With his current Chief Finance Officer set to retire at the end of January, Norfolk’s Police and Crime Commissioner Stephen Bett met with the Police and Crime Panel this week to appoint a successor.
Following Monday’s confirmatory hearing, Stephen received a recommendation from the Panel’s Chairman that he proceed with the appointment of John Hummersone, currently Chief Finance Officer for Cambridgeshire’s PCC.
“By law, all PCCs must have a Chief Finance Officer to manage the finances of the PCC’s office and, more widely, the police force”, Stephen said.
“Bob Summers has played a huge role in guiding the Constabulary through the financial minefield of the last few years. With more Government funding cuts to come, maintaining financial stability and protecting our frontline policing services will become an even greater challenge.
“We need a Chief Finance Officer who can hit the ground running. I believe that his background, qualifications and knowledge of police finances make John the right person for the role. I am delighted that, after robust scrutiny, the Panel members agree.”
Responding to recent criticism that he is building an “empire” of staff, Stephen said: “The role and remit of the PCC is much wider than that of the former police authority, which had 17 members and a staff of 12. Other than the appointment of a new Chief Constable to lead our force, my most recent recruitment has been for my Chief Executive and, now, Chief Finance Officer – neither of which were new posts and both are required by law.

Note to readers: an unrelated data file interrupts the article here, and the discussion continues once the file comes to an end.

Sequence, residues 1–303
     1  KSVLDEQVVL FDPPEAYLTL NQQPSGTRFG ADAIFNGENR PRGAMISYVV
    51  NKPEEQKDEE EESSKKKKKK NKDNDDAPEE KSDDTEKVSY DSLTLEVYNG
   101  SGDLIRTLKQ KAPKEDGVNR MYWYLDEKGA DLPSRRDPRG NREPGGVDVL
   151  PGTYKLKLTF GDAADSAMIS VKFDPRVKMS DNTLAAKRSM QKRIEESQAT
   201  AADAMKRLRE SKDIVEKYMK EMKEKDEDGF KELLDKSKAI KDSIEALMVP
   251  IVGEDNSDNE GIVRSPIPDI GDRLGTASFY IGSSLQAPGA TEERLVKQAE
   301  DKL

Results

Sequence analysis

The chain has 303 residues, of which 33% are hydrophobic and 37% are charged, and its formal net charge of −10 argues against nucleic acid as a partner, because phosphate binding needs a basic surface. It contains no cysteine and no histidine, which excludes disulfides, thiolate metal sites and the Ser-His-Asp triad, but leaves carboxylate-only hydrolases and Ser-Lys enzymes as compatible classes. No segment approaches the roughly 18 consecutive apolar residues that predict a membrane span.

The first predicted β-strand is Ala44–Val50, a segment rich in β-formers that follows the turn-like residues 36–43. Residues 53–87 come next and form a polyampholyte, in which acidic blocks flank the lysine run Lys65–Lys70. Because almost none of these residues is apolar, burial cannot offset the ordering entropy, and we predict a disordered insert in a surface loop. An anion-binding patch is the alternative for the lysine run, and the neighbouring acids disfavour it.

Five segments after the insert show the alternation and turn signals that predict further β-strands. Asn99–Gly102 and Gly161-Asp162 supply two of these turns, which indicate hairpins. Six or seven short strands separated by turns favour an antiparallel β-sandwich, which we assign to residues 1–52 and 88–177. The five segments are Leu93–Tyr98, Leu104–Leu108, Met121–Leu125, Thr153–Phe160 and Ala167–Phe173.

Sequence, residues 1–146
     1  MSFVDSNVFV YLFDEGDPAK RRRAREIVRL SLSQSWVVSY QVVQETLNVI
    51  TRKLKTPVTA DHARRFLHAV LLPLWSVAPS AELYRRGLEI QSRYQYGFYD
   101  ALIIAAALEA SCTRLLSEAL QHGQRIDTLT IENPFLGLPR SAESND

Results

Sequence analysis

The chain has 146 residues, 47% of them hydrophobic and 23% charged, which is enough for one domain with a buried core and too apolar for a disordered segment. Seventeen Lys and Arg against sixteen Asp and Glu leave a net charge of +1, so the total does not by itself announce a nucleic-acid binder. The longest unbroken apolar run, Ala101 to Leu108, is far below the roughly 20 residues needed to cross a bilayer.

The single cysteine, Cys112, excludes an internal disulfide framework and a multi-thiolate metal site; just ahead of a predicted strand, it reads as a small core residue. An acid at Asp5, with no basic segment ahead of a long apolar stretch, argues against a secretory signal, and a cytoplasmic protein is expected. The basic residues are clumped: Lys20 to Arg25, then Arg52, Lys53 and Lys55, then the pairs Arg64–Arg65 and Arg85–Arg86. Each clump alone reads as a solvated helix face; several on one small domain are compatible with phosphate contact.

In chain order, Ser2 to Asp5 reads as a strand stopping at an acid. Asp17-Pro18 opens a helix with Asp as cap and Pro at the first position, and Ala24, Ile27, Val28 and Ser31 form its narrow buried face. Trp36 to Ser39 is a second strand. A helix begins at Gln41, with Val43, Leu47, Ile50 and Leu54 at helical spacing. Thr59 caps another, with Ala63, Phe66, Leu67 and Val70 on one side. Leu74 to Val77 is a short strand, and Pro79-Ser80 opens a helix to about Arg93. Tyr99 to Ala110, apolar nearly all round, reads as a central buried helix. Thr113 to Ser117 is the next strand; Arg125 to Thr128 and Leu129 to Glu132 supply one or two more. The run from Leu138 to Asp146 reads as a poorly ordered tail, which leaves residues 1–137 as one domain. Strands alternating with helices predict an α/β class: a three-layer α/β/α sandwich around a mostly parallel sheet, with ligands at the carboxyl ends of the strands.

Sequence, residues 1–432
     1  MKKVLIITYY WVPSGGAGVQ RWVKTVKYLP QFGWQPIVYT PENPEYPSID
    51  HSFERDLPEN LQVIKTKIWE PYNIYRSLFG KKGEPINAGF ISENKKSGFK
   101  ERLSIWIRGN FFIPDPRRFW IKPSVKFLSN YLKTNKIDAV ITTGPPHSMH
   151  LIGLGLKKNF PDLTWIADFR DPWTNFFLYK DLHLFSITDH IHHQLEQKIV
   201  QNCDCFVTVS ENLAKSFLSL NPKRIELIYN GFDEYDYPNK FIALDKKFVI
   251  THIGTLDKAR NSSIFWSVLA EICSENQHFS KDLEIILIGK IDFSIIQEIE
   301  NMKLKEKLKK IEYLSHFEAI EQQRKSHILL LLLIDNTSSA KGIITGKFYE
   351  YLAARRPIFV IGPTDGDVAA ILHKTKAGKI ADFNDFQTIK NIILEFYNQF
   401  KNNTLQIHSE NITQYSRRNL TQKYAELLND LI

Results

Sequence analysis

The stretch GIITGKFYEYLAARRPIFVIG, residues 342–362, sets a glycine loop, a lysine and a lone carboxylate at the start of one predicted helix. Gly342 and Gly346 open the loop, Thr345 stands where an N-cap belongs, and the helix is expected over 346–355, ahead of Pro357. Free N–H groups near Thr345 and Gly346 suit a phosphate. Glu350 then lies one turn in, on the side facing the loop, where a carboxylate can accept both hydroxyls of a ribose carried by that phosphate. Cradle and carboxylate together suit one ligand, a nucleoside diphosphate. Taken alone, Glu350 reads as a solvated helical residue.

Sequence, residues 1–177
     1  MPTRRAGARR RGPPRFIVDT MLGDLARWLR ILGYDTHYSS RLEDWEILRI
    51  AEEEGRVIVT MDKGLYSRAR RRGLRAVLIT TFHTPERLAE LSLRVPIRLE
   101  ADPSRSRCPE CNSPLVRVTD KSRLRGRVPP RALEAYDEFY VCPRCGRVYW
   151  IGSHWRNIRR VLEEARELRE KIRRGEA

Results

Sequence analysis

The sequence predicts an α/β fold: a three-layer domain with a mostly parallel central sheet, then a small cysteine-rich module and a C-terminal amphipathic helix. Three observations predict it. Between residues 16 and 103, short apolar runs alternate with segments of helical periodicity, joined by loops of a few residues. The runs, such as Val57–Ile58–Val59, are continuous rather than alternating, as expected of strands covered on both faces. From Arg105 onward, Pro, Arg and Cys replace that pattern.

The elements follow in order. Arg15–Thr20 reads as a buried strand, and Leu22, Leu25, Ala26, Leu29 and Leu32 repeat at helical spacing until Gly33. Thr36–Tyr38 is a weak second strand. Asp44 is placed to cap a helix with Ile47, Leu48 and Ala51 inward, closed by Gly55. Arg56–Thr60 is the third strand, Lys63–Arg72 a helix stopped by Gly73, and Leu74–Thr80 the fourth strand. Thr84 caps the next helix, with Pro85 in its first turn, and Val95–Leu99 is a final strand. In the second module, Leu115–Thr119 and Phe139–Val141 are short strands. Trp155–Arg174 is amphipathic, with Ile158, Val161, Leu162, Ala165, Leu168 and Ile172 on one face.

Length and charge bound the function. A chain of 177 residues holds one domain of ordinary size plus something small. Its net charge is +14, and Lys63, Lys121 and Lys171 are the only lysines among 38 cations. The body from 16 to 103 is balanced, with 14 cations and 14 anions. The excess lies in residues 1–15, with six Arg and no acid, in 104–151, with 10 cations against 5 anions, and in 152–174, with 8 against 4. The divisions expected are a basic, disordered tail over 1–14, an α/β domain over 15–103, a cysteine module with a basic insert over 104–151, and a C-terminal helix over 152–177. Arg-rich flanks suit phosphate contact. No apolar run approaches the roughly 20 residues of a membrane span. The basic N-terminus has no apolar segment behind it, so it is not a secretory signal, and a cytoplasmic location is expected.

“In my first year, I have removed a post on redundancy of the former Deputy Chief Executive, and I have appointed two new permanent staff – one for overall communications, and the other to co-ordinate the way we respond to domestic abuse in Norfolk.
“I said that, in those first 12 months, I would operate within the budget I inherited from the former police authority, and I have done so. But I don’t anticipate being able to do that for the full term. As my areas of responsibility continue to grow, in line with the laws upon which the PCC role is based, my staffing needs will change.
“For example, from next year, as well as overseeing the performance and finances of the police, bringing partners together to tackle key issues such as domestic abuse, sexual violence, re-offending and support for people with mental health issues, I will also inherit the duty to commission services for supporting Norfolk’s victims of crime.
“The bottom line is that I have been elected to do a job, and I need staff to help me do it.”